Sir Charles Algernon Parsons (1854-1931)
Described as one of the greatest engineers that this country has ever produced, Charles Parsons attended lectures given by James Stuart on Mechanisms and Applied Mechanics in 1877, when he graduated after taking the Mathematical Tripos at St John's.
At this time, the generation of large amounts of power was posing a difficult problem. The steam engines that were used were so large and noisy that a power station in Manchester had to be closed down because of objections to the noise.
Parsons, amongst others, realised the need for a rotating machine or turbine to convert the power of steam directly into electricity. He built his first multi-stage reaction turbine in 1884, (see opposite) when he became a junior partner in the firm Clarke, Chapman and Parsons.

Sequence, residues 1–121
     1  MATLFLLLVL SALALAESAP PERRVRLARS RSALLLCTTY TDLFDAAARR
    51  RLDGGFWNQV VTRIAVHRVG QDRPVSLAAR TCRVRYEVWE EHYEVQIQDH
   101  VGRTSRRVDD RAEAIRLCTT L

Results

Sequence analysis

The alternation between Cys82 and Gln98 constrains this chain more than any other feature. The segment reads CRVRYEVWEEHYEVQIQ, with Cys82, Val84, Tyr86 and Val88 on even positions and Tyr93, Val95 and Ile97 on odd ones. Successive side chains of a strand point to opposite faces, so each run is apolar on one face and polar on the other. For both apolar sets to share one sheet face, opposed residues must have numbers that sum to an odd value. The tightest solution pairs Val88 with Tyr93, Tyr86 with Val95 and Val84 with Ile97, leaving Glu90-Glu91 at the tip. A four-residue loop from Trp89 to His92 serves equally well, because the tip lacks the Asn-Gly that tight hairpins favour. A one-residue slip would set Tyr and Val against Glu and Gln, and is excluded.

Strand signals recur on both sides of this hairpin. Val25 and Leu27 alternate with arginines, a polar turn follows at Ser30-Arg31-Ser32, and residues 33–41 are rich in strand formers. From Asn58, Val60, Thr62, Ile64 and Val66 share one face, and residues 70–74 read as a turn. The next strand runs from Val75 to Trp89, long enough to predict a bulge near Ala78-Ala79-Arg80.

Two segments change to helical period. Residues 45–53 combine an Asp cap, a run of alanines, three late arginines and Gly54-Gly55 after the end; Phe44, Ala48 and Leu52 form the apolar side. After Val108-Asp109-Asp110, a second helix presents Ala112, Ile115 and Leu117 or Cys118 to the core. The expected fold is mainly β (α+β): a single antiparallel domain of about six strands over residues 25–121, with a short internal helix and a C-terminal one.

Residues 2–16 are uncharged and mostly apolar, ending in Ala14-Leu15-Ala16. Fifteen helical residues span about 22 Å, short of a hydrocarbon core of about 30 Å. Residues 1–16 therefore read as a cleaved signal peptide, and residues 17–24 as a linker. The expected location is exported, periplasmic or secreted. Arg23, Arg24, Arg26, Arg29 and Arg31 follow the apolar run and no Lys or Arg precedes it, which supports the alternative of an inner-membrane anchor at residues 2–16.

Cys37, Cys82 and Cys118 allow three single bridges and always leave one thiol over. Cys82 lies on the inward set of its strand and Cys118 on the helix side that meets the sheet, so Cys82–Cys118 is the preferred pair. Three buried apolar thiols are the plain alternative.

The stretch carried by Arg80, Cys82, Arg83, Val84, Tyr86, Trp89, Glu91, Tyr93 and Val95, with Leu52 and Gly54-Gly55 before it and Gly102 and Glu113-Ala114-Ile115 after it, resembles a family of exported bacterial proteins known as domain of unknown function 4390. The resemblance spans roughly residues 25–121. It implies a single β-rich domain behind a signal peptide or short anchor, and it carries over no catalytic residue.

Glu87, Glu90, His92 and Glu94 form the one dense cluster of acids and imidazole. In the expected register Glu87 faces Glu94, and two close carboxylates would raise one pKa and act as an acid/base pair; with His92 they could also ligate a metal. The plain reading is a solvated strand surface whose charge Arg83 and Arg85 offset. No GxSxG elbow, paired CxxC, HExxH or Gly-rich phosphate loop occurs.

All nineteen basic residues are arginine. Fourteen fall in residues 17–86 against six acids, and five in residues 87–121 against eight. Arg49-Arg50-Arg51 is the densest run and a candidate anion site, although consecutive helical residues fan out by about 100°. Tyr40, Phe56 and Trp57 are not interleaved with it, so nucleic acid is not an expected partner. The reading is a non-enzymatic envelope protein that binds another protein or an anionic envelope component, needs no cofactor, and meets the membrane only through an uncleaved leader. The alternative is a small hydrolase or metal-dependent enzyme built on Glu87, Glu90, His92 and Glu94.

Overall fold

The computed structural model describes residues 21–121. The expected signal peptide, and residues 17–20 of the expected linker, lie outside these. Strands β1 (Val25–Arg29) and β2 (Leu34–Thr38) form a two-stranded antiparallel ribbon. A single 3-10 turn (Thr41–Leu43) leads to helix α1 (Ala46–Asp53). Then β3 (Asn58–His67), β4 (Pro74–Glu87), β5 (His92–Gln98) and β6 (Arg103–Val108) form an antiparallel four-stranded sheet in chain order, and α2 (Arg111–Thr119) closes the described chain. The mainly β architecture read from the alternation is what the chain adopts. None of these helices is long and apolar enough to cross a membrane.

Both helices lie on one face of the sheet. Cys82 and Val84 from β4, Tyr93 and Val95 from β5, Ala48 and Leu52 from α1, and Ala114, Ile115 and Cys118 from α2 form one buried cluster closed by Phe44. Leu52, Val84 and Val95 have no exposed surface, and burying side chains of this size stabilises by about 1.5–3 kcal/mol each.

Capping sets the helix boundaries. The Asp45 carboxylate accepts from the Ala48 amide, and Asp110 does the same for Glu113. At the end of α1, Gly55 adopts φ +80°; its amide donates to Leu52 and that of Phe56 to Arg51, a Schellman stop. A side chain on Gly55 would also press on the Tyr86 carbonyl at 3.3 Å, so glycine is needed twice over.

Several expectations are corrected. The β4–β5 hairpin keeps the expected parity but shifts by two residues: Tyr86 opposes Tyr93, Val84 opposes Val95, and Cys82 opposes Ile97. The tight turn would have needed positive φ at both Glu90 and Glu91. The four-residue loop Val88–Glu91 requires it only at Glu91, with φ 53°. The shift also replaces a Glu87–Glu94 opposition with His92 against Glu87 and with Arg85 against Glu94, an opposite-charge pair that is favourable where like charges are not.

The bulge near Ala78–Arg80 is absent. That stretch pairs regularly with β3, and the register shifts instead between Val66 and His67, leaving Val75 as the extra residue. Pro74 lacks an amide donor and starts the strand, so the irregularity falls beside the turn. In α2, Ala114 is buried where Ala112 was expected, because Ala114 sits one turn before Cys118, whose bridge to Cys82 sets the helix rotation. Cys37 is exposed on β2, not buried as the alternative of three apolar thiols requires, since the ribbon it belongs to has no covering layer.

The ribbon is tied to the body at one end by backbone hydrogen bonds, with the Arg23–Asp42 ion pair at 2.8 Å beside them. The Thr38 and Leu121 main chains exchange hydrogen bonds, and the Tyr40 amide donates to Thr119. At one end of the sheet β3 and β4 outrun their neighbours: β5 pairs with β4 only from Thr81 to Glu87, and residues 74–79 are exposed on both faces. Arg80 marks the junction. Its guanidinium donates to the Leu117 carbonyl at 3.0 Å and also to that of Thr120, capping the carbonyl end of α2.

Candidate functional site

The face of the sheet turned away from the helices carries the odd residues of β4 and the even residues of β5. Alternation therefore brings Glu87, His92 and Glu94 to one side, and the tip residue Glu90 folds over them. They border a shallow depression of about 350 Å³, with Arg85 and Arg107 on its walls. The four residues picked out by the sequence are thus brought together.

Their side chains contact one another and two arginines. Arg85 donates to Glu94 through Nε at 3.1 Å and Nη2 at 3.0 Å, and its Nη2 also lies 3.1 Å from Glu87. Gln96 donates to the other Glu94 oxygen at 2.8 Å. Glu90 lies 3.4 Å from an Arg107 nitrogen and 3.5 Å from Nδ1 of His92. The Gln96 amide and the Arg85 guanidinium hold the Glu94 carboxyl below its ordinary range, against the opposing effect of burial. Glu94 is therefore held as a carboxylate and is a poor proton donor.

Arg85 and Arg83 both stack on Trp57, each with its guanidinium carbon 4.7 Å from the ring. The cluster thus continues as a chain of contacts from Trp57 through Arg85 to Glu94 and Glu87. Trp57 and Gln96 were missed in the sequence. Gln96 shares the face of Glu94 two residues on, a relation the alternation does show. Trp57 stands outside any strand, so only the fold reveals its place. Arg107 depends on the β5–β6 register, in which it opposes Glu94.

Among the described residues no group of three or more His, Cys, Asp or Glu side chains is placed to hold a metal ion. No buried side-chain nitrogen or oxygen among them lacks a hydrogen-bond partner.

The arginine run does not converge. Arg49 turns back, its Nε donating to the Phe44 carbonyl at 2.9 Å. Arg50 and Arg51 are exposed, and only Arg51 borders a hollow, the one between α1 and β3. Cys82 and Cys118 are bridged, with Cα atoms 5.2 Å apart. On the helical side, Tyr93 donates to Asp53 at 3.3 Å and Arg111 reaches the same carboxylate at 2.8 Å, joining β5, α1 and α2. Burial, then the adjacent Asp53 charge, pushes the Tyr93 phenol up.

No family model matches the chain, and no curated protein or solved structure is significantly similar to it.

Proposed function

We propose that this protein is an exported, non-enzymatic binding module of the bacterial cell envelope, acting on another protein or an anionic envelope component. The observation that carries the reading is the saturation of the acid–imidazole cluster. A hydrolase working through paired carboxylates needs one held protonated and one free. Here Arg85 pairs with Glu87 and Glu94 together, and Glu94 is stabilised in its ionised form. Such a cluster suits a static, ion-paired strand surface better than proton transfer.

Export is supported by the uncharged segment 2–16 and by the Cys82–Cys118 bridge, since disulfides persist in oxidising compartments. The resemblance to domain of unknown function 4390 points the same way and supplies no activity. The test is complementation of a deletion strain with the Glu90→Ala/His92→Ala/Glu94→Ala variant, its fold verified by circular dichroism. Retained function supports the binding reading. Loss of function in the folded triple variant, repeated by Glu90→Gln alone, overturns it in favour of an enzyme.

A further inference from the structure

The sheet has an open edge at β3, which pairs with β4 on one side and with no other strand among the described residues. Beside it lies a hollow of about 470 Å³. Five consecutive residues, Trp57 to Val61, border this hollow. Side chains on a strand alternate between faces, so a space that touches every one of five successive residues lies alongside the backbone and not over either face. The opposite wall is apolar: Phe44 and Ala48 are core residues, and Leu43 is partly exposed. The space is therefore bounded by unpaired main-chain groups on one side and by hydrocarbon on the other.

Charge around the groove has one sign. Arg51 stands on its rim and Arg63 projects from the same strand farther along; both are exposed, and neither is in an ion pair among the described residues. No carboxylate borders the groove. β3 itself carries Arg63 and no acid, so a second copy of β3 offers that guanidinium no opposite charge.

He and his partners saw the potential for a steam turbine to drive electrical generators. He also had to produce the generator. The first turbo-generators, ranged in output from 1-75 kW. Three 4 ton 100kW radial flow generators were installed in Cambridge Power Station in 1895, and used to power the first electric street lighting scheme in the city.